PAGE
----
The Lehmann Letter ©
A reader raised the following issue regarding the federal stimulus:
“When private parties borrow from banks, the money is partially
from such things as deposits, but then multiplied by a factor of 20 or
so as the banks "create" money. If the people borrowing can pay the
money back with interest, because their businesses are profitable or
they have a healthy income, everybody is happy. But if consumers can no
longer buy your products at the hoped for level, and people lose their
jobs, then you and they can't repay the loans, and the banks fail.
“If, as you have shown, the government now replaces private
borrowers and lenders, it too creates money, but instead of investing it
in production of things people will buy (various kinds of widgets), it
invests in "infrastructure", which nobody buys. It creates or maintains
jobs; but the people getting paid are not producing anything that
directly generates revenue.
“I guess the theory is that people with those government created
jobs will buy things, and this will stimulate the private sector to get
back into profitable production. Maybe this will work. But I don't have
confidence that where the private sector fails in investing and
managing, "the government" is somehow going to do better.”
I responded by saying (edited for locale):
“It's not so much that the government is going to do better, as it is that the private sector ground to a temporary halt. So, for the time being, it's a choice between nothing (private sector) and something (government). When the private sector recovers, the government can and should pull back.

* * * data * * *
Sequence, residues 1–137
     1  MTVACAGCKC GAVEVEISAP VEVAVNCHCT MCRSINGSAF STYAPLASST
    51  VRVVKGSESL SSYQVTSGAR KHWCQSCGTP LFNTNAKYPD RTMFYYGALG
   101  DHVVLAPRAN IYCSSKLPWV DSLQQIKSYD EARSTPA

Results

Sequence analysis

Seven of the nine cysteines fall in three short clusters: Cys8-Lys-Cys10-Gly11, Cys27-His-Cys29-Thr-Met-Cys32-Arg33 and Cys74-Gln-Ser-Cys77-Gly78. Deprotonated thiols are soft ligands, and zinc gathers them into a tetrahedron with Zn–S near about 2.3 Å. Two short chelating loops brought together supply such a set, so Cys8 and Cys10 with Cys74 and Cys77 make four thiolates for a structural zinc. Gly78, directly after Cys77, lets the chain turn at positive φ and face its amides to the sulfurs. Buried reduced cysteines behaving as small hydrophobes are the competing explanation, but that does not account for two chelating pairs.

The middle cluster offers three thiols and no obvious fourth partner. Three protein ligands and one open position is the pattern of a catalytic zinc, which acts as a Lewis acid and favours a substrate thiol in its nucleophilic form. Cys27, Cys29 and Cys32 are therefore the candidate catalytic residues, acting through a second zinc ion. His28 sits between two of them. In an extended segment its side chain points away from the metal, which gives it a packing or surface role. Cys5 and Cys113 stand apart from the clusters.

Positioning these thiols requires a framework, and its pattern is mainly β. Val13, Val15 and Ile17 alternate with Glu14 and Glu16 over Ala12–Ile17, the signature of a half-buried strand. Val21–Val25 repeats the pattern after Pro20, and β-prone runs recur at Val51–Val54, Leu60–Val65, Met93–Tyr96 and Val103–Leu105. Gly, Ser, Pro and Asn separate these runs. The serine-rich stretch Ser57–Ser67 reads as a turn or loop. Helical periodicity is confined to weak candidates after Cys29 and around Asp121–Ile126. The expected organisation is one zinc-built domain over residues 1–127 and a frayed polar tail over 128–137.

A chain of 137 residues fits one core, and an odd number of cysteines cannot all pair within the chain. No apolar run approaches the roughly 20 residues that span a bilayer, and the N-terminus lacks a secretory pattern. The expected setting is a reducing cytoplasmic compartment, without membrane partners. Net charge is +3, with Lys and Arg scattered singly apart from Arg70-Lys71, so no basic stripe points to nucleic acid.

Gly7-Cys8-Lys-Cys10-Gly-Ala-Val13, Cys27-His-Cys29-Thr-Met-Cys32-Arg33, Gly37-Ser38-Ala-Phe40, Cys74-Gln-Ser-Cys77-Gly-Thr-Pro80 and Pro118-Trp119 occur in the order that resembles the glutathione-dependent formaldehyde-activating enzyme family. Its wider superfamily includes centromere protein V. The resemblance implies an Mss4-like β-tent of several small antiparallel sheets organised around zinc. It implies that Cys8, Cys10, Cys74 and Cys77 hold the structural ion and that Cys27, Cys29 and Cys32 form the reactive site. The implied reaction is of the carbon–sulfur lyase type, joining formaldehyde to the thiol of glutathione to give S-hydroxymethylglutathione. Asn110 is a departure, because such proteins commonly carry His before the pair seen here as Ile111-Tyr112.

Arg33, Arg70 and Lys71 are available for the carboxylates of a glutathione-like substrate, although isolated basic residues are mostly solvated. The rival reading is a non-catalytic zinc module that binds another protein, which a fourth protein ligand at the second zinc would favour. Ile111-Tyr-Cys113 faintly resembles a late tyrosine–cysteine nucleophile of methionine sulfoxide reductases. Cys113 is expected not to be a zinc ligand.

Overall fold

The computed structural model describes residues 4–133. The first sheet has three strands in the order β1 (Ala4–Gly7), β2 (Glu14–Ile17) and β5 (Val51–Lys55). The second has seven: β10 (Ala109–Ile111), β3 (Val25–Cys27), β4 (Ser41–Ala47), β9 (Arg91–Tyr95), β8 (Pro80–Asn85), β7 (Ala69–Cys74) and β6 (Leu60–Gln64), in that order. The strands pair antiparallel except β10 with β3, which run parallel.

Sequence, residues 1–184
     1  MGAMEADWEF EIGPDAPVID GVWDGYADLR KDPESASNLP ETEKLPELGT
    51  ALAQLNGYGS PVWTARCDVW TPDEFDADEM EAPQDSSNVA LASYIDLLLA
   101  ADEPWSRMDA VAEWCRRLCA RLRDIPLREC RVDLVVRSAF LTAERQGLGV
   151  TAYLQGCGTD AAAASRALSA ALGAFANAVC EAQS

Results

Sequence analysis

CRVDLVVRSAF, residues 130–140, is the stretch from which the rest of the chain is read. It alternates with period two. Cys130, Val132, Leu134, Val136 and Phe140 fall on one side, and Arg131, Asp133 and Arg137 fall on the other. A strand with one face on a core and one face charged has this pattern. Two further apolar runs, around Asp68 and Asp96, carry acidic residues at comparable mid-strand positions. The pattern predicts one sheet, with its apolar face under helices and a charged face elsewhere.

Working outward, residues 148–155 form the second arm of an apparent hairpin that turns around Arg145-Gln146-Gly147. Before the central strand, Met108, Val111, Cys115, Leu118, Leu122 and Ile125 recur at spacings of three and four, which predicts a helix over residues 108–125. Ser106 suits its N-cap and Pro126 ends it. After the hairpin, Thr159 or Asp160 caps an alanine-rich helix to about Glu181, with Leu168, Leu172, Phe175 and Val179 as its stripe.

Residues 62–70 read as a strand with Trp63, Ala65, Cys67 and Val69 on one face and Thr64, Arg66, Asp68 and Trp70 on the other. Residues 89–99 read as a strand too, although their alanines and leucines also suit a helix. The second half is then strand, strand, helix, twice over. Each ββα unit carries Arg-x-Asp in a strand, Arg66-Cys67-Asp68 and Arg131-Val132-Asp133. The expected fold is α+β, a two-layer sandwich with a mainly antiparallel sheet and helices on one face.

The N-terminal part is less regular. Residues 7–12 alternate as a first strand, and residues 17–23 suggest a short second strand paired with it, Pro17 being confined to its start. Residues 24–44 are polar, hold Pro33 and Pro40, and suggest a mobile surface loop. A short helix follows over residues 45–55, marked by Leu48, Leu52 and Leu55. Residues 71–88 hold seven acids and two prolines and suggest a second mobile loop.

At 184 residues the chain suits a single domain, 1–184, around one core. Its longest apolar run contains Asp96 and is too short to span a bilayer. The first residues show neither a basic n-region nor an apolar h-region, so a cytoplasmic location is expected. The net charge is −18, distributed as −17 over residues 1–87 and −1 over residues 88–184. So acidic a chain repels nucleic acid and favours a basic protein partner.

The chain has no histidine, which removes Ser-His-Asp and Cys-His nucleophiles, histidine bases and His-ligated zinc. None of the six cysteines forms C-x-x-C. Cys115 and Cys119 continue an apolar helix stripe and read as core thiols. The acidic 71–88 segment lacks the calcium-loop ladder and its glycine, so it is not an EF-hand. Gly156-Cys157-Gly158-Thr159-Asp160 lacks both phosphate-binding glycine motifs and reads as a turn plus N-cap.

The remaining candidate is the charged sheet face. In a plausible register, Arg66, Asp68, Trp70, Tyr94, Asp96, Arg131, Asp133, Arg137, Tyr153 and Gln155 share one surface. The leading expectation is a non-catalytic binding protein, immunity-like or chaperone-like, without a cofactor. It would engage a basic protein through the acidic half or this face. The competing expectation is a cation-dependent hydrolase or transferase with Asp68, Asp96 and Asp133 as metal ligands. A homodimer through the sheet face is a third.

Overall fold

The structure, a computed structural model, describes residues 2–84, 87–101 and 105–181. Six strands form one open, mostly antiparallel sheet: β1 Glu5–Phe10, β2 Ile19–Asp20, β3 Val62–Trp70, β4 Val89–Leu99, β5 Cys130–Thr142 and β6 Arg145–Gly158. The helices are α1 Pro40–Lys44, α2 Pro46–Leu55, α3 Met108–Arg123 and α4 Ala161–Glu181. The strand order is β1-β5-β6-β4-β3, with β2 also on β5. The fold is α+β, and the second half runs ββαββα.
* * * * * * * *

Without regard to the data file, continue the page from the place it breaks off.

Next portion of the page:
“In general the government does not do a good job providing goods and services to the market. That's why the private sector provides the vast majority of our goods and services and most of the goods and services the government provides are public goods (light houses, police, fire, national defense, streets, parks, etc.), public works (Shasta Dam, California Water Project, Bonneville Dam, San Francisco Bay Bridge, etc.), natural monopolies that private enterprise abandoned (San Francisco Municipal Railway, NY subways, etc.) and services that society wanted but the private sector did not adequately provide (public schools, postal service, etc.). I don't support the government taking over activities the private sector does well, e.g. the city taking over our local electric and gas company. But I generally believe the public/private mix makes sense given the economic and historical and societal forces at play. So I don't see danger in a temporary government surge.
“To me, the far greater danger in the current situation is the erosion of the private sector's balance sheet: Particularly the huge ratio of debt to liquid assets. Our economy now depends on private borrowing and spending that is imperiled by existing debts. Public borrowing and spending is no permanent substitute because the public sector can't endlessly incur more debt. So who's going to spend? It's a real problem.”
© 2009 Michael B. Lehmann